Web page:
By Gabriel Fidler, @extrainnings_bb
BROOKLYN, New York – Great Britain entered the recent World Baseball Classic Qualifier as a serious underdog, but upset Brazil and defeated Pakistan on its way to the qualifier final against Israel. While Israel claimed the championship and qualification to the WBC with a 9-1 victory, the impressive showing was Team GB’s best and showed just how far the programme has come.
Britain competed in the European Championship only a fortnight prior to the WBC qualifying tournament, and finished a disappointing ninth, but a number of players used the experience to tune up for the qualifier. Only 10 players were on both rosters, and one of those was Nateshon Thomas, an infielder and pitcher from the British Virgin Islands (BVI).
Extra Innings spoke with the affable Thomas in between reps in the batting cage before Great Britain’s game against Pakistan. The qualifier and the Euros were the first two tournaments the 28-year old had played on the national team.
“Before last year, I had a four-year layoff. While in college [Bluefield State College, W.V.] I had to leave for financial reasons,” explained Thomas, every inch of his six-foot frame showing off lean muscle. “I was being scouted by several teams at the time.”
“I took it upon myself to put myself in a position to get back into baseball. Ever since I found out about GB Baseball, I’ve been trying to stay healthy and showcase what I have to offer in the hope of making the team.”
After working back into baseball shape, Thomas was signed by the Bad Homburg Hornets of the German Bundesliga, the top level for baseball in the country. In 2015, he hit .319 with 14 stolen bases in 20 games, also appearing in nine games as a pitcher. This year, he led the team in almost all offensive statistics, hitting at .304 with 21 stolen bases in 28 games, appearing in eight games as a pitcher.
Those performances attracted Great Britain Head Coach Liam Carroll, who added Thomas to his roster for the Euros, and Thomas started at shortstop in six games and was the starting pitcher against Russia. In that game, the righthander went five scoreless innings, striking out five and working around four hits and four walks, though the team would lose the game in the later innings. Thomas was just as impressive at the plate, hitting .348 with a .696 slugging percentage in the tournament, including an inside-the-park home run against Greece. He added two stolen bases and a team-leading seven RBIs to the scoresheet.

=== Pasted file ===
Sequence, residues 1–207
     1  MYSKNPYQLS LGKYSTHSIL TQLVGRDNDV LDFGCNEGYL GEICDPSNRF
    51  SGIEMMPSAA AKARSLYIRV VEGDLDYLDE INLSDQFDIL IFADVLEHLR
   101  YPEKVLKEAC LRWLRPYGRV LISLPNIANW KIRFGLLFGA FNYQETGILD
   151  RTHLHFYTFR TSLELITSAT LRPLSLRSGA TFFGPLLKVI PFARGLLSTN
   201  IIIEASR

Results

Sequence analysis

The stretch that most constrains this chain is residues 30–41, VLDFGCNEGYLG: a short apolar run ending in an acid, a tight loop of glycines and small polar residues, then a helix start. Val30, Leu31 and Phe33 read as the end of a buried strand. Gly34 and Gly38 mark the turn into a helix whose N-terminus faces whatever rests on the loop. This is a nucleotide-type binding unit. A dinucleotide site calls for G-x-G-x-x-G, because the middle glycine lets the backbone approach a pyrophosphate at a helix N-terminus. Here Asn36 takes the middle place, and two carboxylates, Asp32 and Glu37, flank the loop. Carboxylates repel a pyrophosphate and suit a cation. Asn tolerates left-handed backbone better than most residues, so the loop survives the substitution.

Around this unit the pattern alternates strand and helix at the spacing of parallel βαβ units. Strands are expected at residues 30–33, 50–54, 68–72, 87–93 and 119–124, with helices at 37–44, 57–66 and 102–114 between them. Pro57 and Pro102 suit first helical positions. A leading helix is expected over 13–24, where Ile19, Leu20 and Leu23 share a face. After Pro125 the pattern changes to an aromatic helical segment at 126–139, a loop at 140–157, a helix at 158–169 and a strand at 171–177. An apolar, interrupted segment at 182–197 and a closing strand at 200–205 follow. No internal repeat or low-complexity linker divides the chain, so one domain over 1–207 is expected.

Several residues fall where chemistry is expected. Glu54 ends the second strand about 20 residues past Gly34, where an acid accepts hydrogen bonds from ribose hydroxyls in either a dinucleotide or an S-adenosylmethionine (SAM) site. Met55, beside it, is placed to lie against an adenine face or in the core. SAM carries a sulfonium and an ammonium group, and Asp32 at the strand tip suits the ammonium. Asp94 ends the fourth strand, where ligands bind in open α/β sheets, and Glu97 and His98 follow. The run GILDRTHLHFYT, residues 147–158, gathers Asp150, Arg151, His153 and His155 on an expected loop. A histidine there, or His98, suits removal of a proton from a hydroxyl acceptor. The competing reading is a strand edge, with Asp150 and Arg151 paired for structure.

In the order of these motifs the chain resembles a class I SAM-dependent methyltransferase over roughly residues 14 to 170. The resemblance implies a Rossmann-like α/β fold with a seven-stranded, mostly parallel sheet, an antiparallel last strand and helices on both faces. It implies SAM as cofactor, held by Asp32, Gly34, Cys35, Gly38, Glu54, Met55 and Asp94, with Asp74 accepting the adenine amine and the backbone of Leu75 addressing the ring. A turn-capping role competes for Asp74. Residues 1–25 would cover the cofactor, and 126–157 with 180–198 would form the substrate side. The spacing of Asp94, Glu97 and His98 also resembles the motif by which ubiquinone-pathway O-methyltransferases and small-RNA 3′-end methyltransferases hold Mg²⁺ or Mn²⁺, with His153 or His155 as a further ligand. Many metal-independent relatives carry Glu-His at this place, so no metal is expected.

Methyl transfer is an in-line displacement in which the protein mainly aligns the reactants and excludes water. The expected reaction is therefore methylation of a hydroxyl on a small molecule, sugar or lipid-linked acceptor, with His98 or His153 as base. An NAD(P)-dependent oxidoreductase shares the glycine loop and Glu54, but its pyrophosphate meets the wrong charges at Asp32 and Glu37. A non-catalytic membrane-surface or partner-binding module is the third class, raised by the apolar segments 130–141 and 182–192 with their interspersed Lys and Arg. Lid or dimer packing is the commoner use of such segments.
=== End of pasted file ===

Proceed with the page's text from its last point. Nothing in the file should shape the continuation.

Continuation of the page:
“I tried to make adjustments as I saw better baseball being played,” replied Thomas as to what he learned at the European tourney. “In Germany, you don’t see consistent good pitches.”
“I’m just trying to learn as much as I can while I’m here,” added the friendly but focused Thomas. “The coaches here are so experienced.”
Thomas took his swings in the cage and when he returned, I asked him what he thought about swinging against future Hall-of-Famer Trevor Hoffman.
“I knew he coming, but I see him walk in [on the first day] and I’m speechless,” confided Thomas, looking over at Hoffman on the mound. “He’s throwing BP, he’s giving you pointers—what an opportunity.”
As the conversation moved from pure baseball to the greater personal meaning behind what he was doing, Thomas spoke passionately and deeply about his background.
“It feels great to wear ‘Great Britain’ on my chest. Even though I’ve only been to Britain once, I’m really British—I met the Queen when I was younger. She came to my school and all the children lined up with flags. Having a chance to represent your country, your queen, your nationality, it’s much bigger than me—it’s for the kids back home. It’s something to show them-you can get a lot out of baseball. I hope this will help get more kids in baseball.
Thomas was the outlier on a roster that in addition to the homegrown British players, featured talent that hailed mostly from areas of baseball prominence, like the United States and Cuba, as well as the Bahamas and Australia. In fact, he is the first player from the British Overseas Territory to don the uniform of Great Britain.
BVI has its own six-team Little League, but does not have a dedicated baseball field in the territory, unlike the U.S. Virgin Islands, which has produced 13 major leaguers and dozens of other players. Three players from the British side of the island group have been drafted, though Oakland Athletics’ pitcher Jharel Cotton grew up on the same island as Thomas after being born in the USVI.
“In the British Virgin Islands, baseball is not that big,” noted Thomas. “I didn’t even know there was a Great Britain baseball team until I was in Germany. Softball is more popular, and I’ve played for the British Virgin Islands team.”
Indeed, the versatile Thomas, who in a 2015 interview mentioned that he played six sports, was named ‘Batting Champion’ and ‘Best Third Baseman’ in April softball tournament in which the BVI squad competed. Another writer stated that he was “arguably considered to be the BVI’s best all-around player today.” It could have turned out very differently, though.
“Without baseball, I’d probably be on the streets. A lot of kids back home get into drugs, and that’s probably where I’d be,” asserted Thomas. “It’s everything to me. I try not to feel accomplished, because then I will stop working for it. I also want to show kids back home what baseball can do for them.”
After a standout performance in the Euros, Thomas garnered only one plate appearance in the qualifier, but made it count. Pinch hitting in the sixth inning against Pakistan a few hours after the interview, Thomas ripped a two-out double to drive in a run, and then raced home all the way from second on an infield hit by Champ Stuart to score.
Thomas is hoping to play winter ball before assessing his options for next year.
All images copyright Gabriel Fidler, 2016.